The day History stopped repeating itself

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The day History stopped repeating itself

29, May Klaas

In this article I talk about how command history can fool us. So you think you're repeating that command with Up Arrow? Module precedence and Command precedence can cross our plans.

Command History

In the console we can avoid retyping a command we issued before thanks to command history. This means we can execute the same command over and over again by, either using the \<Up Arrow> or typing the first characters and hit \<F8> to cycle through the statements we typed or pasted recently.


When I looked at scheduled tasks at a computer, I got surprised the output of a command was very different the second time I executed.
The computer involved ran Windows 10 OS, and had a lot of PowerShell modules available.


This computer was replaced, but still on the network just to make sure we could reach files on its local drives in case we missed something in the migration process. We usually keep it for a week or two so we can get necessary stuff on a new computer. Scheduled tasks were copied to the replacement too, and needed to be disabled on the old computer.

I started with Get-ScheduledTask to see what was running or ready to run.


We can't disable running tasks, so we stop those first, like this: Get-ScheduledTask | Stop-ScheduledTask

And to check again, I tapped \<Up Arrow> twice, so I saw Get-ScheduledTask again, and hit \<Enter>.


You see the output is completely different than before?

The Mystery revealed

Well, there happen to be two modules containing the Get-ScheduledTask command:


The PowerShellPack was created by James Brundage, and I had it on some computers since 2009. Usually I copy complete Module directories from one computer to another, so this one travelled with me for 8 years.

The ScheduledTasks module was created by Microsoft, and is in a default PowerShell installation.

When starting a console, neither of those modules is loaded. Since I'm on PS V5, when I call a command, the module is autoloaded ( that's with PS V3 and higher, BTW ).

Module precedence

When autoloading, PowerShell loops over the directories in the Module Path variable, in the order they are listed, and as soon as the requested module or command name is encountered, that one is loaded.


As you can see, D:\Documents\WindowsPowerShell\Modules is the first directory in my Module Path, and, as shown above, the PowerShellPack module is in there.
Microsoft's SheduledTasks module is in C:\Windows\System32\WindowsPowerShell\v1.0\Modules, which is third in the list.

So, after the first Get-ScheduledTask, we can see the PowerShellPack module is loaded with Get-Module:


And we see that in our session the Get-ScheduledTask command is found in the PowerShellPack module with Get-Command Get-ScheduledTask.


But, in the next step, I piped to Stop-ScheduledTask. That one is not in the PowerShellPack module, so PowerShell went through the Module Path again, and loaded the ScheduledTasks module. An other Get-Module shows that we have both modules imported now:


That module contains the needed command, and also another Get-ScheduledTask.
As a consequence, I now have two Get-ScheduledTask commands imported in my session!

Command precedence

When two commands with the same name are imported into a session, there are some rules to decide which one will be executed:
About Command Precedence

First, the command type is decisive. The order is:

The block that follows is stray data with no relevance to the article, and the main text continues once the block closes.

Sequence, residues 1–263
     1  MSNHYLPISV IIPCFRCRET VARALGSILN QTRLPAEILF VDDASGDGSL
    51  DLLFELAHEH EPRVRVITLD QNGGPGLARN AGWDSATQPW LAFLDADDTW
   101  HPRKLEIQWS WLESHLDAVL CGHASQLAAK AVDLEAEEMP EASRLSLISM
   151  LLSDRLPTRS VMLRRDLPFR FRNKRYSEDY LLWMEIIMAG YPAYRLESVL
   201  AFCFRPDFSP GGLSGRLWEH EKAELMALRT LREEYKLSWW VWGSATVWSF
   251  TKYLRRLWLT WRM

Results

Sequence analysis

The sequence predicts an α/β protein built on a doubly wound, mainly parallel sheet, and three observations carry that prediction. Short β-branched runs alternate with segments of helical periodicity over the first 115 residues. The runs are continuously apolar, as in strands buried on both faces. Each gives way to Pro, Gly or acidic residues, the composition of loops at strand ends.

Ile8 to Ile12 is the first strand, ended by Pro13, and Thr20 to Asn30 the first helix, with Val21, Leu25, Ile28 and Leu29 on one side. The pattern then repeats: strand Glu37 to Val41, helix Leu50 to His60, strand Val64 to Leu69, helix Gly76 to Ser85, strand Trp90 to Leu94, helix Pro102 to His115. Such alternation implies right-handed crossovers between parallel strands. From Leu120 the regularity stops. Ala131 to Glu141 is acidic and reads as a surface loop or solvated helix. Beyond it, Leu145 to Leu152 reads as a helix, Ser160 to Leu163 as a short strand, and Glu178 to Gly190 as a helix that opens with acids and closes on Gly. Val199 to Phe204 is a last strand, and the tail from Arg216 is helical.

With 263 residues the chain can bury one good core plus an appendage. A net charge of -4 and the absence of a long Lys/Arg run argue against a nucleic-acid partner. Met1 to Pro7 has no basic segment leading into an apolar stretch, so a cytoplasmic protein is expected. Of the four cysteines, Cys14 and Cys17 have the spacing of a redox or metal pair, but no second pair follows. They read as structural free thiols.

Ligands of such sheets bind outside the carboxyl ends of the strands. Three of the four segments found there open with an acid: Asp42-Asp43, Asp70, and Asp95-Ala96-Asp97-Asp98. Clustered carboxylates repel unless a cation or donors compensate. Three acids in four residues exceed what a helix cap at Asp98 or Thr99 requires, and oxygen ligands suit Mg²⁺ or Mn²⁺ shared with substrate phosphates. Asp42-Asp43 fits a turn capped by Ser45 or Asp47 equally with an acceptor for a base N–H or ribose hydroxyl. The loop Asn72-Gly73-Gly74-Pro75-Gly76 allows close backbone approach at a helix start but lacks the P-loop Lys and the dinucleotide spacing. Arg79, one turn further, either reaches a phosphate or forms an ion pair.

1. Alias
  2. Function
  3. Cmdlet
  4. Native Windows command

Both commands are of the type function, so that's a tie. The next criterium dictates that the most recently added command is executed. In this case, that's the one from the ScheduledTasks module.



  1. Get-ScheduledTask auto-imports the PowerShellPack module and runs the function from that module
  2. Get-ScheduledTask | Stop-ScheduledTask loads the ScheduledTasks module and runs both functions from there
  3. Get-ScheduledTask runs from the ScheduledTasks module because that's added last

It wasn't lost, it just got mislaid

Strangely, when looking for a command, we get different information depending on the time we issue a Get-Command. Executing this is enough to import a module if it isn't yet loaded.


Again, we find the Get-ScheduledTask function in the PowerShellPack module, that's no surprise.

And the ScheduledTasks module has it too, as we already know.


But, let's tap \<Up Arrow> twice again, and \<Enter>.


The PowerShellPack module doesn't have a Get-ScheduledTask anymore?

We don't see the function now because, starting with PS V3, only the commands that will be run are shown.
The documentation on MSDN says we can force Get-Command to show all available versions anyway using the -All switch. But on my system that didn't work:


That's a bit misleading, because when we remove the ScheduledTasks module from the session and then Get-Command again, it has magically returned.



Simply put, we need to be aware that command history contains the previously executed statements and resubmits them. It does not hold the history of the actually executed commands.


If we want to have more control over which command has to be executed, we can move our modules to directories further or earlier in the module path. This has its effects, but is cumbersome to maintain and works in only one direction. If next time I prefer another order between commands with the same name, I have to reorder again.

We can type PowerShellPack\Get-ScheduledTask to make sure the command of our choice is executed.

About Command Precedence
This article contains one line that says it all:

If you specify the path to a command, Windows PowerShell runs the command at the location specified by the path.

We can also explicitly import a module and assign a prefix.

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